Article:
Despite its long and turbulent history, SAMSUN has few remaining historical or scenic attractions, and even its tourist office now lies defunct. A thoroughly modern city with a population knocking on one million, it’s laid out on a grid plan, with endless unruly suburbs stretching 30km along the east–west coast road. It’s a busy port and centre for the processing of local agricultural produce and tobacco.
Because of its strategic location, Samsun changed hands frequently over the centuries. It was besieged, captured (and usually sacked) by the Pontic kings, Romans, Byzantines, several tribes of Turks and the Genoese, who had a major trading station here until 1425, when they torched the town rather than hand it over to Ottoman control. When the advent of the railway facilitated the transport of tobacco to Ankara and beyond, Samsun’s flagging fortunes revived, and by 1910 it was a thriving city of 40,000 inhabitants. The port city gained a place in Turkish folklore when then Mustafa Kemal, under the guise of “Inspector General of the Ottoman forces in Anatolia”, arrived in 1919 by steamship from İstanbul and quietly began to sow the seeds of independence among the local Turk population.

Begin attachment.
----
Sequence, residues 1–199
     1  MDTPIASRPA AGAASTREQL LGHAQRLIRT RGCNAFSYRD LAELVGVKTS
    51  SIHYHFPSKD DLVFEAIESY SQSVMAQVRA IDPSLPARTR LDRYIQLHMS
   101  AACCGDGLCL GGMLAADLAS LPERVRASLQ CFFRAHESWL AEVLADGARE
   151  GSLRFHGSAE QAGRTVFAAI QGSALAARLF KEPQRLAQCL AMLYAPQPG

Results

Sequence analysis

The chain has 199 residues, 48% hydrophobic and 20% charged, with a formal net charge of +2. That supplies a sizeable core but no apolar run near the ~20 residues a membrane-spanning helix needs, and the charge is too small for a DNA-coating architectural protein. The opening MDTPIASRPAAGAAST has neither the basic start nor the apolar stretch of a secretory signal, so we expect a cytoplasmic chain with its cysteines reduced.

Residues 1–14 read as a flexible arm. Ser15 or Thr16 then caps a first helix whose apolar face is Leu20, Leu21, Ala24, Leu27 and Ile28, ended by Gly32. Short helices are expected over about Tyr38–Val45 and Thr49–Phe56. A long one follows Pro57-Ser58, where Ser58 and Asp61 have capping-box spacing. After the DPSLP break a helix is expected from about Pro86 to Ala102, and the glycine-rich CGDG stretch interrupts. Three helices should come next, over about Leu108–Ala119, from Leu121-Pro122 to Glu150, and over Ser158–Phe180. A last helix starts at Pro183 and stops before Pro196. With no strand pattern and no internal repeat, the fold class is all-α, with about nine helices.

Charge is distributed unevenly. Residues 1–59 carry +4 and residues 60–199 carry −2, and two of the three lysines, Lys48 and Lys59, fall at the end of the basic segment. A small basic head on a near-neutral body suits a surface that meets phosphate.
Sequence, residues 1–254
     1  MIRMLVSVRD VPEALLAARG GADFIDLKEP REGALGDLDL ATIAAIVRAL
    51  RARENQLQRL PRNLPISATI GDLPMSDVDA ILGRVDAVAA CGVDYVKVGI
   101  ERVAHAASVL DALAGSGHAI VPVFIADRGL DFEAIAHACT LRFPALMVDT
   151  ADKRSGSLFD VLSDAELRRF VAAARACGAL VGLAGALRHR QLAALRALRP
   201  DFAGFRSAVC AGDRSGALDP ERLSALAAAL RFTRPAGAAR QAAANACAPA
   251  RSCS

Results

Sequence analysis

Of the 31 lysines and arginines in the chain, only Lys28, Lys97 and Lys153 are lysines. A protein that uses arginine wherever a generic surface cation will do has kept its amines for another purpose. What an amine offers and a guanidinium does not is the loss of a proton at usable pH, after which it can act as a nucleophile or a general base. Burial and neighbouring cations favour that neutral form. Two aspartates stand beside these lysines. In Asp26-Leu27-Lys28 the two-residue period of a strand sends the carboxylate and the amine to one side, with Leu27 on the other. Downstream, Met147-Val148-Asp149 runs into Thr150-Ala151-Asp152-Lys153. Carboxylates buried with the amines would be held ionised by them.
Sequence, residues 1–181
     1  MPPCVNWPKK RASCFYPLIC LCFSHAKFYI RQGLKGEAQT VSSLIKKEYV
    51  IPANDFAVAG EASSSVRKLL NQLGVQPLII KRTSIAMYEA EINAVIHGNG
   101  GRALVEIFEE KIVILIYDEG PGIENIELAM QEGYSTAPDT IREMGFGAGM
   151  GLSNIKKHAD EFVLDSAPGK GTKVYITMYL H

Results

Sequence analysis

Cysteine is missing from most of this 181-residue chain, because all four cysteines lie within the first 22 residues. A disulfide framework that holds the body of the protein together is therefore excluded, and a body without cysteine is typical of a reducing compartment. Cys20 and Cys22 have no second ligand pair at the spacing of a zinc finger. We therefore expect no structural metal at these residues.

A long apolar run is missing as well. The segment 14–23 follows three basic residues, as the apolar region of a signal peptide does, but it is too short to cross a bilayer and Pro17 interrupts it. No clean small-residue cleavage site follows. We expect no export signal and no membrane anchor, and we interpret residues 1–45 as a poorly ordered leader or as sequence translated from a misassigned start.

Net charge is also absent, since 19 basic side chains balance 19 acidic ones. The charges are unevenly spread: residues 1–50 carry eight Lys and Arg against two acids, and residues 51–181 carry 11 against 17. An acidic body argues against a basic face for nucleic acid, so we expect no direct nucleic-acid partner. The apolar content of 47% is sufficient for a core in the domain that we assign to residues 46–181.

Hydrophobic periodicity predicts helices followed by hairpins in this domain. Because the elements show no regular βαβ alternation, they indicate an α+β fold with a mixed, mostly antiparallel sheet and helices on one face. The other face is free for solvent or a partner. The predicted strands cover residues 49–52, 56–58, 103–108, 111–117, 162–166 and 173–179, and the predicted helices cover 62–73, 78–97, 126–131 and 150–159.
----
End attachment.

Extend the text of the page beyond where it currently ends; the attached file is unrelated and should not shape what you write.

Nowadays, any spare time in Samsun may well weigh heavy on a traveller’s hands, but it holds a couple of hours’ worth of interesting sights, plus a fair amount to offer in terms of food and lodgings should you need to spend the night. The main square in the city centre, Cumhuriyet Meydanı, boasts a statue of Atatürk on horseback. Kazımpaşa Caddesi and Cumhuriyet Caddesi run north and south of the square respectively, while 19 Mayis Bulvarı, which runs both east and west, meets Fuar Caddesi, the main coastal road, at its far eastern end.